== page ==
I hadn’t been gone long when I received a call from Allison asking me to please come back to get her. The S.W.A.T. team had moved in wearing full body armor and were threatening to arrest them, they had even sprayed tear gas pushing her group back. I could not believe what was happening and hurried back to pick her up. Up until that moment I am not sure I had ever developed a solid opinion on a damn thing, yet there she was standing for what she believed in. I respected and admired her for that, I would one day do the same.

 

Chapter 2 – Early Years

I was born and raised in a small town in southeast Oklahoma. I came from humble beginnings. My mother was only fifteen years old when I was conceived. Her pregnancy was a difficult one, though I never knew just how difficult it had been until I got older. I came into this world on July 1, 1982, weighing only three pounds, four ounces with a collapsed lung and a slim chance of survival. My mother said it felt like a nightmare. She remembers the hospital staff telling her that she needed to see me before they took me away to an awaiting helicopter because she may never see me alive again. The hospital did not have adequate resources to keep me alive so they transferred me to Oklahoma City. She said she screamed in agony as she heard the helicopter lift from the helipad taking me away. All the while my father stayed right by her side. He was barely a man himself at just eighteen years old.

I was released from a neonatal intensive care unit when I was two months old.  My parents worked diligently to try and prepare for my arrival while occasionally borrowing a ride into the city so they could see me. I love listening to my mom’s stories of those times. Things were much different than they are now. They did not have enough money to stay in a hotel when they would visit me and the hospital did not have a place for them to stay, she said they would try to get by with sleeping in the waiting room after visiting hours but would almost always be made to leave.

One night after being forced to leave the hospital, my young parents drove around Oklahoma City looking for a place to stay. Someone had given them the name and address of a Catholic charity home and they decided to go there. They found a place to park the car they had borrowed and walked to the front door. Mom said a very stern looking woman wearing a complete nun’s wardrobe answered the door and asked what they needed? After explaining their situation the lady invited them in and agreed to let them stay for the night; however, mom was to sleep upstairs with her and the other nuns and dad was to sleep downstairs (somewhere my mother never saw) with the men. She said she was scared to death as she laid in bed that night surrounded by strange women snoring and imagined dad must have felt the same way wherever he was.  She said when she finally saw him the next morning and asked how he slept he responded with “let’s get the hell out of here”.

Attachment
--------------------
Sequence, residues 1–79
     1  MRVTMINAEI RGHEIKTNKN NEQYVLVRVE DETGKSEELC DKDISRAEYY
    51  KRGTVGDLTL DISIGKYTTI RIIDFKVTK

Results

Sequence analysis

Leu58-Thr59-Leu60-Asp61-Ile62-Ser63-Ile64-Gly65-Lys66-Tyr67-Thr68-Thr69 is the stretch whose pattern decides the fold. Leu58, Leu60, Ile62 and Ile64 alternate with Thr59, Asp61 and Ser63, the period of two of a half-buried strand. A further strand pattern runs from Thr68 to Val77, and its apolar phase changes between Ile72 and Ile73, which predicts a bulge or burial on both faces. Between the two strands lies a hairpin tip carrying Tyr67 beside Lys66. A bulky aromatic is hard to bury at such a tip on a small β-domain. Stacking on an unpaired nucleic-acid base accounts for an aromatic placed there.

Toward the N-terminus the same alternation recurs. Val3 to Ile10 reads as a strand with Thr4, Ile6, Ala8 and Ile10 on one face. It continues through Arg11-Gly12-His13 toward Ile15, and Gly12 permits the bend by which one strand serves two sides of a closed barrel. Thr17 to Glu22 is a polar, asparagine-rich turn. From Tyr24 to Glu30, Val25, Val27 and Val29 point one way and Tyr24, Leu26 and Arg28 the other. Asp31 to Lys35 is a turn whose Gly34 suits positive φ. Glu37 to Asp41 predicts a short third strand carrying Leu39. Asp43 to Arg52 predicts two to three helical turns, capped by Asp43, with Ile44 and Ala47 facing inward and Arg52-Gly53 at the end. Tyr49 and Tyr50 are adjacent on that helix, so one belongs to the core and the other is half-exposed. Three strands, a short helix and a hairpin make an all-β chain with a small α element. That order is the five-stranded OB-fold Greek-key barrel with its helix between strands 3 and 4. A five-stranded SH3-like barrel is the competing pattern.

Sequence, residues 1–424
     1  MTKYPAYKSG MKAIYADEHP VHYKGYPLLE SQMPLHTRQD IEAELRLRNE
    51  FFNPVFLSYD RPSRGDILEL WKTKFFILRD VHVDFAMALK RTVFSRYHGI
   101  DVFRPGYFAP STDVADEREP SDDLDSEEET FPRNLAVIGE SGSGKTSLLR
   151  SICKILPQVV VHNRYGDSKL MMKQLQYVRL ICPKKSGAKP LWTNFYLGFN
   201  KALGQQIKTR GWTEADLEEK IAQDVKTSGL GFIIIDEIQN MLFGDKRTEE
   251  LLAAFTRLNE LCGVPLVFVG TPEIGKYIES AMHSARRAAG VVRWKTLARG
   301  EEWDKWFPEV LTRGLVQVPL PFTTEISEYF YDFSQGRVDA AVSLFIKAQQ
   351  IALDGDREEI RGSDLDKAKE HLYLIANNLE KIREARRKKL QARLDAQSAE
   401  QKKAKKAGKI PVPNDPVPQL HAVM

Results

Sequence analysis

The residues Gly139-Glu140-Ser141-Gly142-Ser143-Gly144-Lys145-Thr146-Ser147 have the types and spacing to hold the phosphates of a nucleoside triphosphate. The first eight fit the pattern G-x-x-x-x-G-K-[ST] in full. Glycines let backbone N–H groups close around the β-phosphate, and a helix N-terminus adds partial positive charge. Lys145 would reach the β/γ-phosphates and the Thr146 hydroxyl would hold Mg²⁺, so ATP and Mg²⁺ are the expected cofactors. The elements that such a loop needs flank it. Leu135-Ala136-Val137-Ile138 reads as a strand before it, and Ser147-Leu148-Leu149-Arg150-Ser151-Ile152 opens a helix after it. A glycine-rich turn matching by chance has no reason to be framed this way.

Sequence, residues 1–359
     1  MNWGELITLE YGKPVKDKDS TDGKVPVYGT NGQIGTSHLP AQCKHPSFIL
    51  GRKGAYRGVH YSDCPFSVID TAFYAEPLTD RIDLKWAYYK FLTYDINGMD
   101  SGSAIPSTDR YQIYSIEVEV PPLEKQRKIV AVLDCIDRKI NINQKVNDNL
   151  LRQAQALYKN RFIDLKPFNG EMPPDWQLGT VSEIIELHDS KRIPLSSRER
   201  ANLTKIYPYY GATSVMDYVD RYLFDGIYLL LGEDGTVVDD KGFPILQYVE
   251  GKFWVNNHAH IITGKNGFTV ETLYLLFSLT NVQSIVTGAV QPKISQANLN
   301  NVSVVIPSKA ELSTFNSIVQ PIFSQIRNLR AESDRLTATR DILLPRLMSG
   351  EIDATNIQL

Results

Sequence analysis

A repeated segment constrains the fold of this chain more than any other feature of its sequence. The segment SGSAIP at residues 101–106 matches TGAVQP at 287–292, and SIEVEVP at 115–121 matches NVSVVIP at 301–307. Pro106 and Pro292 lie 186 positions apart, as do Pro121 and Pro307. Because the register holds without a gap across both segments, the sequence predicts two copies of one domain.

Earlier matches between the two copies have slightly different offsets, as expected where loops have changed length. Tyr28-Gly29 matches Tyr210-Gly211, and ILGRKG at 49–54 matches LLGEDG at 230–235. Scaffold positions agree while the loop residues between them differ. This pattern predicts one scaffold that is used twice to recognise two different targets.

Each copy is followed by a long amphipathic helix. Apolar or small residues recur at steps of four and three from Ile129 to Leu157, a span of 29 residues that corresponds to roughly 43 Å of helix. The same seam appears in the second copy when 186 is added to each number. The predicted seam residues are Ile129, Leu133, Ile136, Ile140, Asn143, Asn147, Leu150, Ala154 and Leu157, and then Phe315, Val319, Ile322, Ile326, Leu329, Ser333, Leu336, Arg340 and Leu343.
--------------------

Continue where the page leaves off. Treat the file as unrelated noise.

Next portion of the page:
By the time I was strong enough to come home my parents had managed to get an apartment and jobs. My mother quit school and began working for the chicken hatchery which later became Tyson’s Food and my father got a job working for a local tire shop. I still wonder how they did it, they were two babies raising a baby and even though it was evident that they were crazy about one another, I imagine the added stress took a toll on their relationship. They were only married a short time but remained friends and did the best they could to raise me.

I spent the first few years of my life going back and forth between their two homes. Though this wasn’t an ideal situation, I always felt so safe and loved when I was with him. They both dated other people in the years that followed.  Some of those people I liked and still keep in touch with today and some I wish I could forget.  My mom remarried when I was seven years old, the very same year that ripped our world apart.

It was a typical humid summer evening, yet my mother told me later that she never could get warm that night. She was absolutely freezing, so much so that she got up and put on her flannel pajamas. It was May. As she lay shivering in her room several feet away I remember crying myself to sleep, everything just felt so unbalanced, it must have felt the same way for him that night as he battled his own demons in that small apartment across town. What I wouldn’t give to have been able to find each other in that moment and change everything.